UPDATE: We Have a Winner!
Congratulations to Fredy and Antonis for both answering the question correctly.
Because we only had 2 answers to this contest (and it’s the second time we’ve run it), and they were both correct, as well as both having gone above and beyond the requirements to answer the basic question/problem, but adding additional correct and excellent configurations and annotations — we are awarding each of them the same prize!
At a most basic level, the problem with my configuration was that you cannot used an AS Numbered Instance of EIGRP at the top level to configure SAF (Service Advertisement Framework). Yes, EIGRP does have to have an AS#, but that must come within an EIGRP Virtual Instance Named (VIN)!
They both went above and beyond by pointing out many other great points that are well worth reading.
Congratulations to both of you, and look for my email in relation to your prizes!
By the way, since this is such a cool new technology that holds so much potential for real world production environments, I will do a follow-up blog post outlining the basics and some advanced topics surrounding CCD and SAF. Look for that here, soon.
Time for another INE CCNP Voice Trivia Contest. This week we will start early and give you until Monday 28 November to choose a winner, giving you a bit over four days to come up with the correct responses.
This is actually a re-post of an earlier contest –one containing knowledge that every CCNP Voice engineer must know to pass the CIPT2 (642-457) exam– that never met with a correct answer in the previous run. I have recorded around 4.5 hours of material on just this topic beginning here in this video, so take a look at these videos over the next few days, and see if you can sort out the answer.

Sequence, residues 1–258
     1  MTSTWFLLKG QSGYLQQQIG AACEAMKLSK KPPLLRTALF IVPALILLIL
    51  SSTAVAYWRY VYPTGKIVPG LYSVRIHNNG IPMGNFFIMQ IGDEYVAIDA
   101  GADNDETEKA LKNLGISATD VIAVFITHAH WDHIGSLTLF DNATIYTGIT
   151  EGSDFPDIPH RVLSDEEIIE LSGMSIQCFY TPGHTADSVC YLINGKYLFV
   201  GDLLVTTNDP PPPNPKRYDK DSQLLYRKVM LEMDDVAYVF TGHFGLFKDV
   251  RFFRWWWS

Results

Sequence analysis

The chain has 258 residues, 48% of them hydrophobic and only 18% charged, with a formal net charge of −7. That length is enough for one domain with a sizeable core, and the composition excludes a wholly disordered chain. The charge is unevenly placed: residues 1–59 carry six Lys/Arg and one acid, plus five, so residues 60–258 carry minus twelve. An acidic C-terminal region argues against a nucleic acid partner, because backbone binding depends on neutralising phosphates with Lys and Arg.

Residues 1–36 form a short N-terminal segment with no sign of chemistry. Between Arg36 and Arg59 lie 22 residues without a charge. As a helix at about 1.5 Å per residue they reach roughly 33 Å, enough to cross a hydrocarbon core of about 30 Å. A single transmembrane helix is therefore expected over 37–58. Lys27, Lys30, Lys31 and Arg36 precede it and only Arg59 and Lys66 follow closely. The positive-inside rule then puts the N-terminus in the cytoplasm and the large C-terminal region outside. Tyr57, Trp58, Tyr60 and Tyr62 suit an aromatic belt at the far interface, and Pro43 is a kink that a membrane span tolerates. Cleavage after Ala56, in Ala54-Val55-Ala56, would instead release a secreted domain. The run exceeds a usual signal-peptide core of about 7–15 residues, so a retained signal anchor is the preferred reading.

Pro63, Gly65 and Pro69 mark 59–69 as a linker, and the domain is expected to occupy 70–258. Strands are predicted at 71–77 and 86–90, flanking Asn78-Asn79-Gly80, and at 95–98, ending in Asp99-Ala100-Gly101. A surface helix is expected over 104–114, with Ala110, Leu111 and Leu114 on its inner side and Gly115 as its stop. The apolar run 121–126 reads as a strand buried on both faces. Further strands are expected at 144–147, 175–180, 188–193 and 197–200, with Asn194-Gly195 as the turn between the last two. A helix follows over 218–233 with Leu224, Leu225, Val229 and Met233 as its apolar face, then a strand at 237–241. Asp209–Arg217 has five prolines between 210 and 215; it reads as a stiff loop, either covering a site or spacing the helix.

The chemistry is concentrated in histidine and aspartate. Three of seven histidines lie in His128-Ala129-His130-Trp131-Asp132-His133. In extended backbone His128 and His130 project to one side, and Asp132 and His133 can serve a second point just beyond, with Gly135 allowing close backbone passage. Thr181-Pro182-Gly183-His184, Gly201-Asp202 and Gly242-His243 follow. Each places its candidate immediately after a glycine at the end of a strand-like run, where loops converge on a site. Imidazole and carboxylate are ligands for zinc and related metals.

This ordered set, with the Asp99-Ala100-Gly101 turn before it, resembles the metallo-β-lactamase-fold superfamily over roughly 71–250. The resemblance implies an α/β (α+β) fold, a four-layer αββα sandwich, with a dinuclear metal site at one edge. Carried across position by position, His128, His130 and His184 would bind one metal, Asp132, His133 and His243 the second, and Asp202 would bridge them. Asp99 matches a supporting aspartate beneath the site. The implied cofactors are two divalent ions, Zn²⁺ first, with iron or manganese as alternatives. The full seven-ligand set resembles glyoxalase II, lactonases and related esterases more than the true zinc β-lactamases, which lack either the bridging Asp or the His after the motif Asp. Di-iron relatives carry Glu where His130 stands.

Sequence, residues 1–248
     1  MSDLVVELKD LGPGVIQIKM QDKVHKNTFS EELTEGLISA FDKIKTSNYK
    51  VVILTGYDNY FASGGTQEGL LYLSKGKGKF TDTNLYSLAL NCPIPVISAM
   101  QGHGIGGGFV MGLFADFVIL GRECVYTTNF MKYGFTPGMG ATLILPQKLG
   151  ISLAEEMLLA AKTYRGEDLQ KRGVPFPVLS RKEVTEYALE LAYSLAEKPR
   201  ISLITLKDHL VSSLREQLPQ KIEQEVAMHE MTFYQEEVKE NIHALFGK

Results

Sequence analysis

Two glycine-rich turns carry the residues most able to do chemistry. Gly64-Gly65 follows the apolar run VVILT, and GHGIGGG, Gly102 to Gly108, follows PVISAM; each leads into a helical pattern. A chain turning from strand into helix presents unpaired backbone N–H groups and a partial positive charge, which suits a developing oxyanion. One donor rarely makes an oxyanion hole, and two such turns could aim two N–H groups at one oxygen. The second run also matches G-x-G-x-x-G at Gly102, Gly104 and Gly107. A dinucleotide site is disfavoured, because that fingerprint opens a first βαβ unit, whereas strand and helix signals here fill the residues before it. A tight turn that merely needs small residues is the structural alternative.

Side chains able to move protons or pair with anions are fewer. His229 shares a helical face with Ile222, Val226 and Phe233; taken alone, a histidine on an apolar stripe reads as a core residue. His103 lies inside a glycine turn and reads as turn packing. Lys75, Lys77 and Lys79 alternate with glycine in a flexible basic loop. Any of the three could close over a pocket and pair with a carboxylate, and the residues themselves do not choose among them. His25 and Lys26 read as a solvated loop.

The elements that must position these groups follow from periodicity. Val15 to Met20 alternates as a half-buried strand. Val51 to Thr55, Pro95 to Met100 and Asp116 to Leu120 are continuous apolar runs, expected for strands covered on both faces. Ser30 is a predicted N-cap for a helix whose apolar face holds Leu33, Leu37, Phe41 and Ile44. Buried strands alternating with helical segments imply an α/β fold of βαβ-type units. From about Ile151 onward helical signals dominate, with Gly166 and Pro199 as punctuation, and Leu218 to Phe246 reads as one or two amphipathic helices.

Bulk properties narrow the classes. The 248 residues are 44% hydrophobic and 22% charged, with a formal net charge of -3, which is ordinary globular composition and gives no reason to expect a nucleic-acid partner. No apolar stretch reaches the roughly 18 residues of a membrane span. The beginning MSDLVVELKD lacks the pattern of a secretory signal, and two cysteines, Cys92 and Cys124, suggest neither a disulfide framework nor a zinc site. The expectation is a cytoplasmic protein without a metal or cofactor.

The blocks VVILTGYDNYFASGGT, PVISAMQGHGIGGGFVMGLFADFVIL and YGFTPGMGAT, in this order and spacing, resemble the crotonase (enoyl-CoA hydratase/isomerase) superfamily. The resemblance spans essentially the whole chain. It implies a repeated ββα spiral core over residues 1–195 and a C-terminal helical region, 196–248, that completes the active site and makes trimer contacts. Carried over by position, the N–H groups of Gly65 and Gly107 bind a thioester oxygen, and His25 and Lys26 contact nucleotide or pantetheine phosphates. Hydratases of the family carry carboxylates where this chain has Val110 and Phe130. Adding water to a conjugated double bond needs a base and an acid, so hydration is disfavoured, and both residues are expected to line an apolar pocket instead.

Here is the problem that needs solving for this week’s Voice Trivia Contest:
There are three sites, two site running separate CUCM clusters and one site running an instance of CME on that sites only router. The two sites running CUCM clusters each have their own SAF Forwarder router, and those two routers have been configured and are working properly exchanging primary DNs as well as alias prefix routes between them, and each CUCM cluster can dial the other CUCM cluster using the dynamically exchanged 4 digit DN. However, the CME site’s router seems to not have its SAF Forwarder portion configured properly (assume everything else in the router IS configured properly and working), and is not yet receiving or publishing any primary DN or alias prefix routes. Once that problem is resolved, it is also desired that the two CUCM clusters be able to receive the backup PSTN alias prefix routes natively as + (plus) patterns, so that they may use their existing globalized plus dialing patterns (PSTN translation patterns), along with their existing (working) AAR CSS as the patterns for reaching the remote CME site if/when it falls into SRST mode.
So your tasks for this week’s trivia contest are these:
- Looking at the code just below these tasks (which is the CCD/SAF portion of the CME site’s router), copy and paste it into your proposed solution in the comments area below, fixing the parts of the code that are incorrect.
- I should add a few ‘known’ attributes to the equation:
- SIP over TCP 5060 is the correct signaling protocol, transport and port #
- The other two sites’ SAF Forwarders are adjacent, established neighbors on EIGRP AS 1